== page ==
I just clicked the categories for this post. I usually do that at the end, but for some reason I changed it up today.
Divorce. Group. Grief.
Last night at divorce group, we talked about grief. When the facilitator opened the class and mentioned the topic, some jokes were made about how we needed to have boxes of tissues out. Little did we know.
The task of the evening was to write a letter saying goodbye to our former partner and the things we miss.
Oh, I thought. I’m way ahead here. I’ve already done this.
About two months ago, at the suggestion of my therapist, I wrote a letter of sorts. It started out as an accounting of the things I miss, but turned into an inventory of the things I don’t miss. It was helpful at the time, and I thought that, well, I had already done the exercise. I decided to participate in my “small group” (four participants and a volunteer-leader who has gone through the class before) as a way of being a good sport. I’m nothing if not a good sport.
I didn’t really think I’d have much to write in the twenty minutes allotted, but somehow I filled up both sides of the paper I had been given. Somehow.
And this time, it didn’t turn into a listing of what I don’t miss. Somehow I was able to hold the space, and think of the beautiful moments. I remembered that many of them were tainted by our dysfunction, either then or later, but somehow I was able to write out my grief for what I had lost, and not shift into protest mode.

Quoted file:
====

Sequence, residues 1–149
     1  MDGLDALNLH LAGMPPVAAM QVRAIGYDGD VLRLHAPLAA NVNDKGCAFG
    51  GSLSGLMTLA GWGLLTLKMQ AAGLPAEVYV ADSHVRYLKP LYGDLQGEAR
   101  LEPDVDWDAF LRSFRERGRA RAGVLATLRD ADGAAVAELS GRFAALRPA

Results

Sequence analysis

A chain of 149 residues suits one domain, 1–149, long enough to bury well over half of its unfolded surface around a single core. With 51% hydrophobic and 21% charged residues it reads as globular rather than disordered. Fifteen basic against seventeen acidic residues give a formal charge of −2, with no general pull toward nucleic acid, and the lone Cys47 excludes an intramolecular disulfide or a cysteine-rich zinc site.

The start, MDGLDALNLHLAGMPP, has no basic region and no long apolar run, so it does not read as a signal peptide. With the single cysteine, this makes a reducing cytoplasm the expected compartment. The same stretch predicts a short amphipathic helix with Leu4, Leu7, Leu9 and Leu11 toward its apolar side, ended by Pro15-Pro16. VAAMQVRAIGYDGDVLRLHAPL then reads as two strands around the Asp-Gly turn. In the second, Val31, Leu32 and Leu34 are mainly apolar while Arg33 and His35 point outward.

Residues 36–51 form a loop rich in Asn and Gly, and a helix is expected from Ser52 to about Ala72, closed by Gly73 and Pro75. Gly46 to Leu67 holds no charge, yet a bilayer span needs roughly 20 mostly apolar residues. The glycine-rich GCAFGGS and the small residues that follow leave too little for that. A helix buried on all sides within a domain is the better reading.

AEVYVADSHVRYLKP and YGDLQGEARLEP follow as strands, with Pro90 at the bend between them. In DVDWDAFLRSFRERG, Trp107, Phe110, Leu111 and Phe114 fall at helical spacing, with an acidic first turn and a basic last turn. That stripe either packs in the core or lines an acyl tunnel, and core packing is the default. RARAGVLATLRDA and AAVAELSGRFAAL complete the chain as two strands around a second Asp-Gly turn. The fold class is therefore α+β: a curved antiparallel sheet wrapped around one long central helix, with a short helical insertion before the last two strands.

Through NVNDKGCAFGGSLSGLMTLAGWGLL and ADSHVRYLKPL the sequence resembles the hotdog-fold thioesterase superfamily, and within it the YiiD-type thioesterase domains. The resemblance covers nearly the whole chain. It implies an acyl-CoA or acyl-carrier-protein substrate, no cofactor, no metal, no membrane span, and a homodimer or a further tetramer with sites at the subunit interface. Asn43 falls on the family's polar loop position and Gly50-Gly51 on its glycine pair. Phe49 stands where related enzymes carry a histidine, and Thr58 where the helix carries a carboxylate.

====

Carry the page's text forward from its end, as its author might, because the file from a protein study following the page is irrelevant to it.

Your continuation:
The time was up, all of us in a suspended space. I heard someone in one of the other small groups start to talk. Then, my group’s leader told us we would then be reading our letters aloud to each other.
It was very difficult to read my letter aloud. I had no idea that what I had been writing was not to be for my eyes only. Reading the letter, hearing my own voice speak what was in my heart was much more difficult than simply writing it.
I’ve been thinking a lot lately about letting go. Mr. X dominated 6 years or so of my life while we were together, and he has dominated this last year since we’ve been apart. A large part of me is saying “enough already.” As I wrote last night, and as I read my words aloud, I felt a bit of him slip out of my grasp.
Before we split into our small groups, our facilitator played a song for us. As soon as I heard the first notes, I recognized it. In almost any other setting, at almost any other time I might have thought it was too corny for words. Somehow, last night, it fit.